Henry Bolingbroke, his allies, and the captured party of King Richard have returned from Wales to London. There, in Westminster Hall, they call on Bagot to give testimony, asking him who conspired with Richard to kill Thomas, Duke of Gloucester. Bagot claims that the Duke of Aumerle was central in the conspiracy. Aumerle heatedly denies it, setting off a gage-throwing chain reaction which eventually involves six people. Aumerle begins by declaring that Bagot is a liar and throwing down his gage (a glove or a hood) to challenge him to single combat. Immediately thereafter, Lord Fitzwater, Lord Percy, and another unnamed lord all throw down gages against Aumerle. Lord Surrey then throws down his gage on Aumerle’s side, and the rash Fitzwater throws down his gage again. Aumerle, who is out of gages, is forced to borrow someone else’s so that he, too, can throw down his gage once more.

As the gage-throwing grows to ludicrous proportions, Bolingbroke cuts them all off, saying that the challenges will have to wait. He plans to bring Thomas Mowbray, Duke of Norfolk, back from the exile to which Richard condemned him, and Mowbray will help settle the truth of the matter. However, the Bishop of Carlisle informs the company that Mowbray has died while fighting valiantly in the Crusades.

The Duke of York abruptly enters to inform the company that King Richard has capitulated, agreeing to “adopt” Bolingbroke as his “heir” (4.1.115) and to yield the throne to him immediately. Bolingbroke agrees, but the Bishop of Carlisle interrupts him, breaking into a long speech in which he condemns Bolingbroke for his insurrection against the rightful king. He tells Bolingbroke that if he takes the crown now from the true king of England, generations yet to come will suffer and the ground will be soaked in English blood. Northumberland promptly arrests Carlisle on charges of high treason.

Bolingbroke summons Richard so that he may abdicate the crown to him in full view of the nobles. Helpless and despairing, Richard enters. He delays in giving Bolingbroke the crown with a long, grief-stricken monologue in which he rhetorically surrenders land, crown, and kingship. Northumberland asks him to read aloud a statement confessing his crimes against the kingdom, so that the people “may deem that you are worthily deposed” (4.1.237), but Richard resists the order. He then calls for a looking-glass, and, after staring into it and wondering aloud about his own identity now that he is no longer king, he dashes it to the floor.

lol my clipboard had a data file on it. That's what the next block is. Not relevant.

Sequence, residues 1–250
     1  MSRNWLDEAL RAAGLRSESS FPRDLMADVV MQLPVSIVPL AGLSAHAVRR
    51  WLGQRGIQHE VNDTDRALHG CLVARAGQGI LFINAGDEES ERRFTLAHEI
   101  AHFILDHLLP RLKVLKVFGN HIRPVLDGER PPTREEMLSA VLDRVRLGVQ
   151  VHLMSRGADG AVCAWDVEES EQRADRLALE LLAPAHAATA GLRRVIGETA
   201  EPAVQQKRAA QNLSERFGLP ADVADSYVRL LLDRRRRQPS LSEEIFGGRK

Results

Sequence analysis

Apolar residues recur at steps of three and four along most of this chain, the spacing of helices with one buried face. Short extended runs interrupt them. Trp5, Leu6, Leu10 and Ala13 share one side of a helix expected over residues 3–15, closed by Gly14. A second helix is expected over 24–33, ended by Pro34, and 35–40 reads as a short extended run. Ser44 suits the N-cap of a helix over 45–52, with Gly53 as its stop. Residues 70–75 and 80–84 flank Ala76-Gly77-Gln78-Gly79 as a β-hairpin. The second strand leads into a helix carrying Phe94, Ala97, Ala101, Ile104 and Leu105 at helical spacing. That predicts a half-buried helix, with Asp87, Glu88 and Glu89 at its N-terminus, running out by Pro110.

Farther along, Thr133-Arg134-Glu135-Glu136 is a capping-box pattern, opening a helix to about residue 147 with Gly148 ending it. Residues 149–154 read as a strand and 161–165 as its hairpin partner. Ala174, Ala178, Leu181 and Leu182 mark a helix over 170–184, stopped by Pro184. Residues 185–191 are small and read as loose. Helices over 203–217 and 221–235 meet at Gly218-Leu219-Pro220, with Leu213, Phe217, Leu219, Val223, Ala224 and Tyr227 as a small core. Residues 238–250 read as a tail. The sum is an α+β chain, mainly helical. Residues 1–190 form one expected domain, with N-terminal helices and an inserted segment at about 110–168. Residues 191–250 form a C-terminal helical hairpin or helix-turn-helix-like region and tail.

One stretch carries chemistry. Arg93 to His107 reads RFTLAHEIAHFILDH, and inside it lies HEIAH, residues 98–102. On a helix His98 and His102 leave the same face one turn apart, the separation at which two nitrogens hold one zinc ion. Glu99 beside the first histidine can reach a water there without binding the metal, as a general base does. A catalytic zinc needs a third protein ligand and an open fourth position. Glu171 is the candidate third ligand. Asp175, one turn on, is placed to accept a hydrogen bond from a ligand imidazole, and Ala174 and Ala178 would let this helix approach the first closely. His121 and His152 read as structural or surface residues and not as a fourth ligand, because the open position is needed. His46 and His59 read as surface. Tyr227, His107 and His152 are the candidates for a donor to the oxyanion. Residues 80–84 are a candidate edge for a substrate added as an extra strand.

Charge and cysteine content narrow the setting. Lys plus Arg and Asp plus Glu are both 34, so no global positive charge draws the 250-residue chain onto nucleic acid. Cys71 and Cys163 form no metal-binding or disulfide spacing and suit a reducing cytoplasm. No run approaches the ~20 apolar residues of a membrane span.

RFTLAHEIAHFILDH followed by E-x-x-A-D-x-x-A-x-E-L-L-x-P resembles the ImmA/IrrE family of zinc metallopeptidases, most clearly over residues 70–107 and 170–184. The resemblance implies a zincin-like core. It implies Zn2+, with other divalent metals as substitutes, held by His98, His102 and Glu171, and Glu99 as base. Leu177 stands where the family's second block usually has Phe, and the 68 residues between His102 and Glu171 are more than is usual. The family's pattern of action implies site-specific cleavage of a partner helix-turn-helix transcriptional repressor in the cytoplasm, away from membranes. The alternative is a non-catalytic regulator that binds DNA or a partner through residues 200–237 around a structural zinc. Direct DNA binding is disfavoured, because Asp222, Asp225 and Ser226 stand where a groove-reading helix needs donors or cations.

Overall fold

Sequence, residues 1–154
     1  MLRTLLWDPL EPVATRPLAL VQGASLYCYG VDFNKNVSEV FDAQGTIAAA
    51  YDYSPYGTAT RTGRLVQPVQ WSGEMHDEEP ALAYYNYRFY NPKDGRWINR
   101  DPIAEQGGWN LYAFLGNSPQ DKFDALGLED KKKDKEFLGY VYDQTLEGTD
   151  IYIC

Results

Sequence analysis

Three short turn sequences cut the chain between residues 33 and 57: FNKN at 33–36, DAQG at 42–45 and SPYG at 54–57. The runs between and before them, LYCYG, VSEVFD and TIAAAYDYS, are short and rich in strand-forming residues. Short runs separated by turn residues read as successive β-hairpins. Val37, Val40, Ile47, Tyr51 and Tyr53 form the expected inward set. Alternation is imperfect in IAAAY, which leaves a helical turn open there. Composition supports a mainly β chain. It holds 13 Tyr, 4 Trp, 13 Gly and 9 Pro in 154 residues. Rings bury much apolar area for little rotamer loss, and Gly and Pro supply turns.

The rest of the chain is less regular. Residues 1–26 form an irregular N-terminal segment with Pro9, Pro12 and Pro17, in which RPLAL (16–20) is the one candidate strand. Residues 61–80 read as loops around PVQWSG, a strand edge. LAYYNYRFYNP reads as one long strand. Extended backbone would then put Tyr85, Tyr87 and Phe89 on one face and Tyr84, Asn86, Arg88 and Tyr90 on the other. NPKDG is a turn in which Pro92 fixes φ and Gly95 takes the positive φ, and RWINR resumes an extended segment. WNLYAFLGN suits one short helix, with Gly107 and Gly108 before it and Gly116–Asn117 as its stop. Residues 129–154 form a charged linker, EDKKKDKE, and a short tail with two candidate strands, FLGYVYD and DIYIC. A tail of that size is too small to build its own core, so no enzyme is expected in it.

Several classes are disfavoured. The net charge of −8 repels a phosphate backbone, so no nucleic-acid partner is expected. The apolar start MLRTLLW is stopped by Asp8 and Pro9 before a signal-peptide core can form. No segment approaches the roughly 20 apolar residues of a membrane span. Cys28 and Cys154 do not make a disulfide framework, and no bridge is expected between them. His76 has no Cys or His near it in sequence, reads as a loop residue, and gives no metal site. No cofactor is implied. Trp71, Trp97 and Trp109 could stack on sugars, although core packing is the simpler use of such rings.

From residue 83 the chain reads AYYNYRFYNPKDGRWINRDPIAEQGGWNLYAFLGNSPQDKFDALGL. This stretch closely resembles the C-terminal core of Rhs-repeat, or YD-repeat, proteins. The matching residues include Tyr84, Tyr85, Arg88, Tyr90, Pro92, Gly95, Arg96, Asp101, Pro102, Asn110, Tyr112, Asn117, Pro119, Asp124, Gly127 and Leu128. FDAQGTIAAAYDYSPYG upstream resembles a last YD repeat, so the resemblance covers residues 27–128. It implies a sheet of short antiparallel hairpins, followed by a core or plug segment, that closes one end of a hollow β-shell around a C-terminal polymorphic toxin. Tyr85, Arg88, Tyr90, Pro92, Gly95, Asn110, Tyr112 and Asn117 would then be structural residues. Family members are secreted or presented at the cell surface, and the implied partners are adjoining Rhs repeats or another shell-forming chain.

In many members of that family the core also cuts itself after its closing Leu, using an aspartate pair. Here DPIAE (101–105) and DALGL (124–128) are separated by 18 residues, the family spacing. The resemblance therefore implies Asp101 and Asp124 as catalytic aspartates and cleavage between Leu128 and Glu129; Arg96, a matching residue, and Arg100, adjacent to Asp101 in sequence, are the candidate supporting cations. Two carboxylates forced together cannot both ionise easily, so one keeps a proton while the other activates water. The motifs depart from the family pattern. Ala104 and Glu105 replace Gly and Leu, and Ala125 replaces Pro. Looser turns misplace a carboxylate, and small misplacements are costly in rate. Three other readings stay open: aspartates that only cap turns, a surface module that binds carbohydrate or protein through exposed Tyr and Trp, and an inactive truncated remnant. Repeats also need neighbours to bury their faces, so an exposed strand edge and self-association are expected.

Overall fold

Richard asks Bolingbroke one final favor: that he be allowed to go away freely from the court. Bolingbroke, without explicitly answering no, commands that Richard be taken to the Tower of London (the traditional place for holding political prisoners). Richard departs under guard. Bolingbroke sets the date of his coronation for the following Wednesday. After he leaves, the Bishop of Carlisle, the Abbot of Westminster, and Aumerle begin to speak together, apparently conspiring against Bolingbroke.

Read a translation of Act 4: Scene 1.


This long scene makes up all of act 4. The effect of this prolonged, uninterrupted staging is to create a sense of headlong action.

The exchange of thrown gages at the beginning of the scene harkens back to act 1, scene 1, when Bolingbroke and Mowbray challenged each other to the duel that resulted in Richard banishing them both. In reflecting this earlier scene, however, the present scene also alters it. For the unacknowledged secret that lay behind Bolingbroke’s accusation and banishment—the fact that King Richard himself was behind Gloucester’s murder—has now been brought into the light. Now that Richard has been deposed, his past sin can be brought back as a crime with which to charge him. This scene also foreshadows the way in which Bolingbroke himself will reenact Richard’s crime and his fall, when he, as King Henry IV, becomes partly responsible for Richard’s murder in act 5, scene 5.